Last week, we met Evelyn, a 6-year old girl who is motherless and lifeless…she’s a ghost. Her story picks up here. Oh, but there is so much more to Evelyn.
When I was six years old, I died. Energy is neither created, nor destroyed but transformed into another state. People disappear when they die. Their voice, their laughter, the warmth of their breath. Their flesh melts away. Eventually their bones crumble and dissipate. This is both dreadful and natural. Yet for some there is an exception to this annihilation.
They can become a ghost, like me.
Are you scared? You shouldn’t be. I’m just a little girl. I stand about 49 inches tall. I have lots of ideas and a rag doll I carry with me all the time. It was made for me by my mother and since I no longer have her, the doll cleaves to my heart, clutched in my hands. When I bury my nose into the rose print cloth, I imagine I can smell her scent, deep and warm and sweet, like yeast.
Jacob says she wanted a little girl more than anything. It’s funny he says that because he was too young to know. His reasoning goes like this, “All mothers want a baby girl, to be just like them,” he says as he flips his hair with a quick turn of his head, almost like he’s not important. But he is. I tell him all fathers want a son to carry on the family name. Me, I’m just a girl with no mother to teach me anything of being a woman, of tending to family.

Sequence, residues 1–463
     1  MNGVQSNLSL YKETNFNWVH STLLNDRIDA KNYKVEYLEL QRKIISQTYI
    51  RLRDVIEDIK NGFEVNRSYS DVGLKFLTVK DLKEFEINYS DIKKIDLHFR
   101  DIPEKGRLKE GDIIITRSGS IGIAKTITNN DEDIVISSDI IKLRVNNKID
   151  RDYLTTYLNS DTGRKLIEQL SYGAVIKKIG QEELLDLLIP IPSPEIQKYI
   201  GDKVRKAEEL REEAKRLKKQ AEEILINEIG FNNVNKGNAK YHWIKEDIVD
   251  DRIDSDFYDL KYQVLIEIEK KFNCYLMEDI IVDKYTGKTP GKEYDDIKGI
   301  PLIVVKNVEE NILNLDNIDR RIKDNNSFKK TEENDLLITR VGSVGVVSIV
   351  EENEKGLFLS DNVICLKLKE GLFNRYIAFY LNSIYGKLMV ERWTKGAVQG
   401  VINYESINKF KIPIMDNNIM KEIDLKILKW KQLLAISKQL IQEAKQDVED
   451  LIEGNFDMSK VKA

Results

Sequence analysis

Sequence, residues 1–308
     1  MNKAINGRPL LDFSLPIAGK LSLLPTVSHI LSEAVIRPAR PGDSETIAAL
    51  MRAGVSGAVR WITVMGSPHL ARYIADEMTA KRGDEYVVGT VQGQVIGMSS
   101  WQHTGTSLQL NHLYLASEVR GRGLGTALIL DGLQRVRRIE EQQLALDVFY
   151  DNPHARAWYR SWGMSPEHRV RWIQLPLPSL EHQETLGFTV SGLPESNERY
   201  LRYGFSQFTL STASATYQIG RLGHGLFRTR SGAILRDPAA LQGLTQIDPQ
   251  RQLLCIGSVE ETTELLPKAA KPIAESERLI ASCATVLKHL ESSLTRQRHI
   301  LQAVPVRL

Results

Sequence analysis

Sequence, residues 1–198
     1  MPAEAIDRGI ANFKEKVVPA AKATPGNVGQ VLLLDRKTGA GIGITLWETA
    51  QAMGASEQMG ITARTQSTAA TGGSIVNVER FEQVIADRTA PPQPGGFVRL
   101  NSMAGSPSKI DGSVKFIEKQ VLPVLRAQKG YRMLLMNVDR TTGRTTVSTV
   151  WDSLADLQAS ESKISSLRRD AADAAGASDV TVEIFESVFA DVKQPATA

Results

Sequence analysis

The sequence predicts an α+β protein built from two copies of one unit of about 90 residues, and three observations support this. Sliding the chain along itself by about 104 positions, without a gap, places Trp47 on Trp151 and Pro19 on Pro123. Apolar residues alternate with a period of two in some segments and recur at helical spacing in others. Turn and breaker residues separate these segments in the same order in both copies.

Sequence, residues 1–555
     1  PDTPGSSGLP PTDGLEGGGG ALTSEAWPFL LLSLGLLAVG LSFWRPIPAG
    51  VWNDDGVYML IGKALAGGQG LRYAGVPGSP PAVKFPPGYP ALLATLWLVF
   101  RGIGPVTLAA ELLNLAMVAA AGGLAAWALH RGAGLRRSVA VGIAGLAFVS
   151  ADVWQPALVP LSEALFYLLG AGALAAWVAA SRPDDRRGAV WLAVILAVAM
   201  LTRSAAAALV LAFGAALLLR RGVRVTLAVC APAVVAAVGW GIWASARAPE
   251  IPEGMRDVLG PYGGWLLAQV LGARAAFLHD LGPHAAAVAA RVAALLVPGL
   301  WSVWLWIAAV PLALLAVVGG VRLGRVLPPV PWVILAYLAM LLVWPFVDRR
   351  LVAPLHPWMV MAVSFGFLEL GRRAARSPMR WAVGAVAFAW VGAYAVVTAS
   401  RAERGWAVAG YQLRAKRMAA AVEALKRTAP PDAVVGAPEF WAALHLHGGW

Mother died just after I was born. She slipped into unconsciousness when the bleeding didn’t stop. There was no doctor, and even if there was, he couldn’t have done much to save her life. The story I’ve been told is that she held me for a moment, looked into my gray-green eyes and smiled, ran her knuckle across my cheek and kissed my forehead. She reached for the bedside table where she retrieved the small rag doll she knotted and tied from the bedding as she labored. There was a small ball she had done the same with, in case her premonitions were incorrect and I was another son. She must have felt the room spin and called out. I can’t be sure how it happened, exactly.